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Karazian again strikes on over Greek debt, claims it’s 60% lower than calcuated

Well-known US investor and financier Paul Karazian once again re-entered the Greek debt fray with a “bang” over the weekend insisting that his calculations of the country’s debt-to-GDP ratio is a very healthy 71 percent, rather than the more officially accepted 177-percent level.

In citing what he calls the “lie of the century” in an article posted by Spiegel online, the flamboyant 61-year-old founder of Japanica Partners and former Goldman Sachs executive said his main criteria is the duration of the debt load and not its nominal value.

According to the 61-year-old Kazarian, the nominal value of the Greek debt should no longer be the starting point, namely, its absolute value of around 312 billion euros (at the end of 2015), but rather the debt should be calculated according to the current value of its liabilities, assets and annual obligations.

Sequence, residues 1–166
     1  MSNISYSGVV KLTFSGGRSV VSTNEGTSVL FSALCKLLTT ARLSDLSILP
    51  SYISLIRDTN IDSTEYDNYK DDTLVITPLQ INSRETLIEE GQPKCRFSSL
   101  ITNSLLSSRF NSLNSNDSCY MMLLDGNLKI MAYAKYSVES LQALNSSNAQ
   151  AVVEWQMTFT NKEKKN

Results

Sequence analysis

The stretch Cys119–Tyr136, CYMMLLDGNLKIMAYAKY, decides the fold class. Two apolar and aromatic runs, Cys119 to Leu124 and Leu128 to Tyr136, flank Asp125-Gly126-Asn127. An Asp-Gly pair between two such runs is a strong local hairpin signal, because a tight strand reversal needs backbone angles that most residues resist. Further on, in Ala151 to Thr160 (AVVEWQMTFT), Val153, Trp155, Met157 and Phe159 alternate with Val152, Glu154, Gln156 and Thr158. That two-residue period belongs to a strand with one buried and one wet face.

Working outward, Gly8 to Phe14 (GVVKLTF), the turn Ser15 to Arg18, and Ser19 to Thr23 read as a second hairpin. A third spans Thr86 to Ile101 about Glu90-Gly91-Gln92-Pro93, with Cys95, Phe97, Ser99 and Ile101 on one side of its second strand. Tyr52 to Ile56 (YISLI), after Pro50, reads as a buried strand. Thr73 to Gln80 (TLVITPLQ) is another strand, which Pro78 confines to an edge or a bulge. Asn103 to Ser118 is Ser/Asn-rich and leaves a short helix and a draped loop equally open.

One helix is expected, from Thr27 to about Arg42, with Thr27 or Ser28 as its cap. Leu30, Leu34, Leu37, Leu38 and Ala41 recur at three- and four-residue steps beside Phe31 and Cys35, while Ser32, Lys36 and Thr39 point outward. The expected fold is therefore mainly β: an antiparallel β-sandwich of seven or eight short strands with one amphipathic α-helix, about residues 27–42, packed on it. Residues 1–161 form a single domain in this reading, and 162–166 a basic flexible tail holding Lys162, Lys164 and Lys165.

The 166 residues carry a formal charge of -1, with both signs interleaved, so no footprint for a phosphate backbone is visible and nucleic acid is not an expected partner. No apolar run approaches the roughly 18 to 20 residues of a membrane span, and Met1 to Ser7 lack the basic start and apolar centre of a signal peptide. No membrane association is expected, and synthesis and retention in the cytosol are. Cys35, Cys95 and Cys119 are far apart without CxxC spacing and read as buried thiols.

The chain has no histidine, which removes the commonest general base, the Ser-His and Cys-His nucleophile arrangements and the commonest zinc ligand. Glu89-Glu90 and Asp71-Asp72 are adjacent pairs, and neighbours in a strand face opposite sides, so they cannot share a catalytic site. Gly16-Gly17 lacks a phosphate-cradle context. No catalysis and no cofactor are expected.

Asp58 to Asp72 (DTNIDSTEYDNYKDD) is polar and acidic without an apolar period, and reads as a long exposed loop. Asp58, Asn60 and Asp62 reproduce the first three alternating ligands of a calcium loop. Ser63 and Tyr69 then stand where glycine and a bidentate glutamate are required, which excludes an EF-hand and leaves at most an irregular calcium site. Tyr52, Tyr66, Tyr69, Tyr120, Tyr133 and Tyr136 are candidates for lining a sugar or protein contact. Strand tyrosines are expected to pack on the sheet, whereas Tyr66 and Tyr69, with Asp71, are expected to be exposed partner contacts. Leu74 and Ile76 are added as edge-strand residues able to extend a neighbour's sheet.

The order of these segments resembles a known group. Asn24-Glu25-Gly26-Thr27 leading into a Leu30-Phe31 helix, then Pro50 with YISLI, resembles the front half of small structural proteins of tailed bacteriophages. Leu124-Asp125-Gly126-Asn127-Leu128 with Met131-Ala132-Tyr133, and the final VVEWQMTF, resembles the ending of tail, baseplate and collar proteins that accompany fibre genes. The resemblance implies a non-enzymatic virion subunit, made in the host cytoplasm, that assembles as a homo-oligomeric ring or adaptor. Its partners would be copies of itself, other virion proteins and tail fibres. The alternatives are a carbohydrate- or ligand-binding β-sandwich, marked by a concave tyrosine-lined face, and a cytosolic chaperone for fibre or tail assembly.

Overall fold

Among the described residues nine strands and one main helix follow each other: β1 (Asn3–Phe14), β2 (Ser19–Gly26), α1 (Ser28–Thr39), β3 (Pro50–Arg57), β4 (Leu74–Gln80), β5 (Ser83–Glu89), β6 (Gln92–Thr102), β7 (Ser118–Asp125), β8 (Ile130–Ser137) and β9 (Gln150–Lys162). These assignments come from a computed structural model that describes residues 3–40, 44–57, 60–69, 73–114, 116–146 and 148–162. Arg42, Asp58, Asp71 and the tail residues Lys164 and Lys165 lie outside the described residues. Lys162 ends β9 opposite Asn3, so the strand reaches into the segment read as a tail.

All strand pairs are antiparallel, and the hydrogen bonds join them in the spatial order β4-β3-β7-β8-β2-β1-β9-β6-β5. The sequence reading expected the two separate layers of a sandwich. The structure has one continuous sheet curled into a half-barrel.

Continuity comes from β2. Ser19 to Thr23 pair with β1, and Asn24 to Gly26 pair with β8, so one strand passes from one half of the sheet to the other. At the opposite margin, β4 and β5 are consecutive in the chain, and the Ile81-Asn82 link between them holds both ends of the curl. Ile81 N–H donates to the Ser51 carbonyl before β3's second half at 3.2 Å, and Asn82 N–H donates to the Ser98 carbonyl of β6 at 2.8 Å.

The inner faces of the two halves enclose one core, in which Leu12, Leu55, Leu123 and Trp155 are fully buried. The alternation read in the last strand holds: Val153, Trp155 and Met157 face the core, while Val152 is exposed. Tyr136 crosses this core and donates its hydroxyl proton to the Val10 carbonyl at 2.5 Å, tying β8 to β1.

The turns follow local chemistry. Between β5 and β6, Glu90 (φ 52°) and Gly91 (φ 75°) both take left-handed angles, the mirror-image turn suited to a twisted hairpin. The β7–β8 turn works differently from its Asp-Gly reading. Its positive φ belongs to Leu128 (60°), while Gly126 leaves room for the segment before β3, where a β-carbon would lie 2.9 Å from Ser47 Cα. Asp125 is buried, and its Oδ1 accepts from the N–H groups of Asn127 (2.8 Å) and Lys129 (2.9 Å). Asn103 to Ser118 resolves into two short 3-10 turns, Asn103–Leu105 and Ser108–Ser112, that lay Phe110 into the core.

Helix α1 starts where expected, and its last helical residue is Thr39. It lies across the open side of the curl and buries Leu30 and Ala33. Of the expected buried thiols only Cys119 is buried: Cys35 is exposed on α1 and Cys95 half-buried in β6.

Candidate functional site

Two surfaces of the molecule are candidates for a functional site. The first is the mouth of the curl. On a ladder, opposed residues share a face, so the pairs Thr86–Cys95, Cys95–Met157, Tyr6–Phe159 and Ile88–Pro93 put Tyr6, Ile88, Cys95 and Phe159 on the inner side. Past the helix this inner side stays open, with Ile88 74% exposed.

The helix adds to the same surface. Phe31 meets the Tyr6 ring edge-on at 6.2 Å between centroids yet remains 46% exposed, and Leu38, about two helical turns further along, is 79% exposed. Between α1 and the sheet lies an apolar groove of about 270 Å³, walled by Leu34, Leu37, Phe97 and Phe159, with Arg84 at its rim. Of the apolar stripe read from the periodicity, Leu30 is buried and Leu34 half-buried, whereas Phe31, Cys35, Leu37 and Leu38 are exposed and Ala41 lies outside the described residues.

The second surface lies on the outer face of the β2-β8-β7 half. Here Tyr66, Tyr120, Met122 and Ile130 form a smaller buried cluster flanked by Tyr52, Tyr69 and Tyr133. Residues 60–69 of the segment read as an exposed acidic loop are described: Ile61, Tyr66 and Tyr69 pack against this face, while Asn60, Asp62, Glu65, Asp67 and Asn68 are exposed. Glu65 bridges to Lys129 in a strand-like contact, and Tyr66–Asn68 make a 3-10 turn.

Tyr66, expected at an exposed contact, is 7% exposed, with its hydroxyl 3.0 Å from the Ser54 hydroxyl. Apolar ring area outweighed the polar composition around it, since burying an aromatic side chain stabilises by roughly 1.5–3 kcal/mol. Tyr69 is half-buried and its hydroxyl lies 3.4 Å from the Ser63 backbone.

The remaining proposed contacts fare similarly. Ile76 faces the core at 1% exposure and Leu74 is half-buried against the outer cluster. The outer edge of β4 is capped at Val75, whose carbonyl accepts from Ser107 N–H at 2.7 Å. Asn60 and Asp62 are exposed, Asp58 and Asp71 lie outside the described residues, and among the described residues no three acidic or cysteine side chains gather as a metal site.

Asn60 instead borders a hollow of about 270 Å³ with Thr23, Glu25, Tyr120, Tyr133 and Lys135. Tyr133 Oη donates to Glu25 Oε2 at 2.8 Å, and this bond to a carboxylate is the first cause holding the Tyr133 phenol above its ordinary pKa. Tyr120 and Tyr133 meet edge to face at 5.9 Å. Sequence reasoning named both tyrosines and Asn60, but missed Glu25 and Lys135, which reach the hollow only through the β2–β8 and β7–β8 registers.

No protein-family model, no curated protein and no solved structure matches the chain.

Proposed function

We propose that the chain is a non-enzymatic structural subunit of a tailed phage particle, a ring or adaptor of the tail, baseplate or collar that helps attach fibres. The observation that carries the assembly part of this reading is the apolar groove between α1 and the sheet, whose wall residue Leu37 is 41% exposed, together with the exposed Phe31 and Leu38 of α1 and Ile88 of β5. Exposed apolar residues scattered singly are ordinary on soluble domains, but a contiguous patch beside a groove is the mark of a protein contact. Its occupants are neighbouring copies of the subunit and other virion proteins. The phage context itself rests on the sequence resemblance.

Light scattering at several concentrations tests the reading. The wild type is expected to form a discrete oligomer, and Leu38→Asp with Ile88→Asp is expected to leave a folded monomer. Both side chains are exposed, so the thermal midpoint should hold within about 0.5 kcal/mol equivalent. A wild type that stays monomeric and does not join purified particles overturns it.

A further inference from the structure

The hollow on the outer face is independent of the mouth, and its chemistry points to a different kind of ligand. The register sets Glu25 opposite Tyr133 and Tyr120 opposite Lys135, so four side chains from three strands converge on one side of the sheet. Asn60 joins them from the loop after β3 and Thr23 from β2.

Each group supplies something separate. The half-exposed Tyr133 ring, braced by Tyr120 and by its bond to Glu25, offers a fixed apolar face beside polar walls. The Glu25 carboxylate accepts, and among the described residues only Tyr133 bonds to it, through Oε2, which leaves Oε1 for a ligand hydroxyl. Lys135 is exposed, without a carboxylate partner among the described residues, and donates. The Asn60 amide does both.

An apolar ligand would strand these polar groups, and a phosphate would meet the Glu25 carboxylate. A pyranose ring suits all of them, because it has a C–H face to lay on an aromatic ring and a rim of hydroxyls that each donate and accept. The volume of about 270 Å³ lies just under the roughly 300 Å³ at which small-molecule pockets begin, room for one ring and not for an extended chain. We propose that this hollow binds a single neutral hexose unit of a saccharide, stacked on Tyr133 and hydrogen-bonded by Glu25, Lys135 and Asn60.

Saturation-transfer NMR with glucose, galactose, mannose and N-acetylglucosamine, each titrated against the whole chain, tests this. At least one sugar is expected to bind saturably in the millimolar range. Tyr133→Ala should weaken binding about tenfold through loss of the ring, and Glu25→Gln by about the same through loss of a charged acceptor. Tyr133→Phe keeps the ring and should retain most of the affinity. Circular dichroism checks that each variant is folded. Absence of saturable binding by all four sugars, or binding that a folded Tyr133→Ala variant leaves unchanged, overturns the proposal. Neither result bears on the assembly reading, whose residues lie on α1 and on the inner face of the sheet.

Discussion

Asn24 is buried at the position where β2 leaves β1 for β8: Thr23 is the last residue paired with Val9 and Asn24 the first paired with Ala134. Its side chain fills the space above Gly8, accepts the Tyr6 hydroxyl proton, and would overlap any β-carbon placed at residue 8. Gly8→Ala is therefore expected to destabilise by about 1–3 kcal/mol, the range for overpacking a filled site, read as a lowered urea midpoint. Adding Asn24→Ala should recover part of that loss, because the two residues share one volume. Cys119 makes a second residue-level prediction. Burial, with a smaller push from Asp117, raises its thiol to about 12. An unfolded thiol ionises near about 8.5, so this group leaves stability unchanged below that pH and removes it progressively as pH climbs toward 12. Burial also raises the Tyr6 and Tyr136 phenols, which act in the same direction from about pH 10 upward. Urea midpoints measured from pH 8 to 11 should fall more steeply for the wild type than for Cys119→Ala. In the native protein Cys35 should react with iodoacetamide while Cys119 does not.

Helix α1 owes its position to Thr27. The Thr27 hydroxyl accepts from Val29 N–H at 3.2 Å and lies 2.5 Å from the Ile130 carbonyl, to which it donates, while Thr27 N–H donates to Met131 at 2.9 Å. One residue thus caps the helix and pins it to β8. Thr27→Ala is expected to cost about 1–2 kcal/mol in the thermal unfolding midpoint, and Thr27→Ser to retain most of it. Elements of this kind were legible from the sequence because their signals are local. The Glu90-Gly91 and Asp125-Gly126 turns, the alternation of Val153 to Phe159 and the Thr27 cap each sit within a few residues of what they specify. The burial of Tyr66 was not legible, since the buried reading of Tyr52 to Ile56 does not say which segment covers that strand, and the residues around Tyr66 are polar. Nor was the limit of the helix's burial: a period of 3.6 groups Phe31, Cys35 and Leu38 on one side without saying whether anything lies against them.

He points out that Greece’s European institutional lenders have not only significantly lowered interest rates, but that the country can also repay debts over a longer period and can start re-payment 10 years later than originally foreseen. Inflation means a much lower burden, he said.

Kazarian has long maintained that Japanica is the largest private holder of Greek government debt.